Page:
An asymmetric dispute resolution clause is one that is constructed to limit the right to dispute resolution of one party to, for example, a particular jurisdiction or dispute resolution method, while giving the other party or parties the right to flexibly choose between different options. Although this type of clause would clearly favor the party with the right to choose between options, by providing an effective risk management mechanism, the favor will only apply in countries which recognize the validity and enforceability of asymmetric clauses.
In Vietnam, the validity and enforceability of such clauses has been an open question due to a lack of statutory guidance. To shed some light on this matter, we can assess an ongoing case where a Vietnamese court has considered the enforceability of an asymmetric dispute resolution clause.
The dispute in question arose between a Thai company and a Vietnamese company in relation to a distribution contract. The Thai company filed a civil suit with a Vietnamese court to seek remedies for a breach of contract committed by the Vietnamese party. While the dispute clause of the contract provides that the Vietnamese party must submit to the jurisdiction of the courts of Hong Kong to settle all relevant disputes, there is no similar requirement for the Thai company. Moreover, the laws of Hong Kong are the governing law of the contract.
Initially, the Vietnamese court decided not to accept the suit, with its view supported by the peer procuracy’s opinion that the dispute clause implied that the Thai company had chosen the courts of Hong Kong to handle any relevant disputes that might arise. Consequently, the clause excluded the jurisdiction of Vietnamese courts.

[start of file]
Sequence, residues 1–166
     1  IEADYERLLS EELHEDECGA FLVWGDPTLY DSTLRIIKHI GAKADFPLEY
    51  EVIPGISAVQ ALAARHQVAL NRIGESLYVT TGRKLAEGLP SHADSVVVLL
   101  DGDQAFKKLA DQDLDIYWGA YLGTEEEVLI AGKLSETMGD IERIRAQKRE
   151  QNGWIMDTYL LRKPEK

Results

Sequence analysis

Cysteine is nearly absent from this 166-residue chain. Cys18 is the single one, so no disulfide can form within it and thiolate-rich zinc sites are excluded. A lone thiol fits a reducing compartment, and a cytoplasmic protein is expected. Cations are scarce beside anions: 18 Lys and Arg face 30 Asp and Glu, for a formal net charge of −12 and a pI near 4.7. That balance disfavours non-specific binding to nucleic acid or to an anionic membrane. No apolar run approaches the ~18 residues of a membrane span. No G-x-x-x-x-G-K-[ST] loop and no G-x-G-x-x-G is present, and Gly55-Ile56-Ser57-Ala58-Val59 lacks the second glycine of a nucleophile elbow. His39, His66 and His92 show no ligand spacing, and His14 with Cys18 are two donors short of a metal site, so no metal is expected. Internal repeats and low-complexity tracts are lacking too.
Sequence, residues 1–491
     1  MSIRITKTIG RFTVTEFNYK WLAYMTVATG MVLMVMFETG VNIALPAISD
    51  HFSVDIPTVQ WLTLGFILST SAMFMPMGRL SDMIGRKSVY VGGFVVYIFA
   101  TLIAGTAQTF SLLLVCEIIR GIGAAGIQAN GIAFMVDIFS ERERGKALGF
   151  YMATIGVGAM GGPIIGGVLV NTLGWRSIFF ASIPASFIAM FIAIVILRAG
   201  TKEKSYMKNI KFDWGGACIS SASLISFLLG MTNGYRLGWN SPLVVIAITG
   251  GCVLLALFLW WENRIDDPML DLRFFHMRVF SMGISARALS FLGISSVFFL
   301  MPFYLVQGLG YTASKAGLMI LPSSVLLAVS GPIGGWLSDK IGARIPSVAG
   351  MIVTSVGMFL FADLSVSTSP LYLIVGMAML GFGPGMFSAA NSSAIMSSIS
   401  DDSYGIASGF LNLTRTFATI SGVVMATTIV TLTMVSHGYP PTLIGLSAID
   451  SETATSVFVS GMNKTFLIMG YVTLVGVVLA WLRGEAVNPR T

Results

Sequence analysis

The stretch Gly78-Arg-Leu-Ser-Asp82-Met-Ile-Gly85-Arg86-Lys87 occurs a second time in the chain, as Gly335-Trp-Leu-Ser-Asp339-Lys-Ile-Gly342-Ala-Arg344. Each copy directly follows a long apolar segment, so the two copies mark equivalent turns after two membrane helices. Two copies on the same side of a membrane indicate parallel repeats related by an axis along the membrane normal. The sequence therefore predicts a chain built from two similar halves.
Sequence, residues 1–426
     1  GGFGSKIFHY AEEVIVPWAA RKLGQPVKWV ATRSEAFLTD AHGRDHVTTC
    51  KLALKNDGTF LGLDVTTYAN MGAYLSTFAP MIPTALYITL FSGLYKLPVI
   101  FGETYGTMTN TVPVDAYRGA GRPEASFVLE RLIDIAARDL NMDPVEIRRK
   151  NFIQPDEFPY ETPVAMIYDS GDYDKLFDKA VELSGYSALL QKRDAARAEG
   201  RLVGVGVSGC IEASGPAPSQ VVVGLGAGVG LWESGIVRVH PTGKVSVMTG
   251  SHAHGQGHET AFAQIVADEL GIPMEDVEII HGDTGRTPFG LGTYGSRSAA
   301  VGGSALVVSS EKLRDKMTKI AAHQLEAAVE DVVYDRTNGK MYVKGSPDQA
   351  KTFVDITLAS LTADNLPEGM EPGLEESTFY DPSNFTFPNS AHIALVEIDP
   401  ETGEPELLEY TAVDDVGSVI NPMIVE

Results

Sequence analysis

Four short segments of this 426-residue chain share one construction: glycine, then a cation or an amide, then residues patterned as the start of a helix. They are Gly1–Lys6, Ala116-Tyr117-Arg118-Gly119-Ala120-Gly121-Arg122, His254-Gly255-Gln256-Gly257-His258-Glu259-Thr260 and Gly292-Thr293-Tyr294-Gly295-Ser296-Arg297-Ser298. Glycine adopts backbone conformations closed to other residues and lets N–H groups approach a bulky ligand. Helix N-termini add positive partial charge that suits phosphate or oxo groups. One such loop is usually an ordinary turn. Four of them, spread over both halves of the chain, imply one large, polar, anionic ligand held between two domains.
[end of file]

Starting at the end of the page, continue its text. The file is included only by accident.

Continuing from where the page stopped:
Disagreeing with the above legal perspective, the Thai company filed a complaint against the Vietnamese court’s decision. In particular, the Thai company reasoned that the clause does not expressly indicate a choice of court, but only expresses that the Thai company would not challenge the jurisdiction of the courts of Hong Kong if any legal proceedings are commenced there under the Vietnamese party’s request. In other words, when any disputes arise, the Vietnamese party can only pursue legal proceedings before the courts of Hong Kong while the Thai party could choose to pursue legal proceedings before any other competent courts, such as courts in Thailand or Vietnam, and is not required to choose the courts of Hong Kong.
Given this, the dispute resolution clause in the contract of this case could be deemed an asymmetric dispute resolution clause where the favored party (the Thai company) can flexibly initiate legal proceedings before any competent courts that may be determined under private international law to have jurisdiction over disputes arising from or out of this commercial contract.
In consideration of the significant potential risk of non-enforcement of a Thai judgment in Vietnam, where the defendant is based, the Thai company wished to instead settle the dispute in a Vietnamese court in hopes that the enforcement steps would be much easier if they win the case. Further, based on certain facts of the case, the Thai company successfully proved that it had no intention to choose Hong Kong courts as the dispute resolution forum during the establishment and implementation of the contract.
Finally, the tribunal handling the complaint upheld the Thai company’s arguments and further concluded that the legal perspectives of both the first-instance court and the procuracy were inappropriate and groundless.
Although there is still not sufficient supporting practice to definitively conclude that Vietnamese courts recognize the validity and enforceability of asymmetric jurisdiction clauses, and there is still no statutory guidance, the fact that a Vietnamese court accepted the dispute above for settlement suggests that there is certainly a chance for an asymmetric dispute resolution clause in a commercial agreement to be valid and enforced in Vietnam.